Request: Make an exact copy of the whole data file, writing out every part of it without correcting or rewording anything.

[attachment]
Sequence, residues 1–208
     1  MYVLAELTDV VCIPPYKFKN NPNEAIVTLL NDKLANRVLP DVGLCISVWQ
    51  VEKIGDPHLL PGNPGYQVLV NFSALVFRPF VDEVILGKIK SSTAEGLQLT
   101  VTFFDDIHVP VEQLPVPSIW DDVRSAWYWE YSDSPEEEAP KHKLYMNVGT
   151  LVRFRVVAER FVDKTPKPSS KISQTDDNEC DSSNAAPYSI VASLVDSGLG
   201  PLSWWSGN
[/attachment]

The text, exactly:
Sequence, residues 1–208
     1  MYVLAELTDV VCIPPYKFKN NPNEAIVTLL NDKLANRVLP DVGLCISVWQ
    51  VEKIGDPHLL PGNPGYQVLV NFSALVFRPF VDEVILGKIK SSTAEGLQLT
   101  VTFFDDIHVP VEQLPVPSIW DDVRSAWYWE YSDSPEEEAP KHKLYMNVGT
   151  LVRFRVVAER FVDKTPKPSS KISQTDDNEC DSSNAAPYSI VASLVDSGLG
   201  PLSWWSGN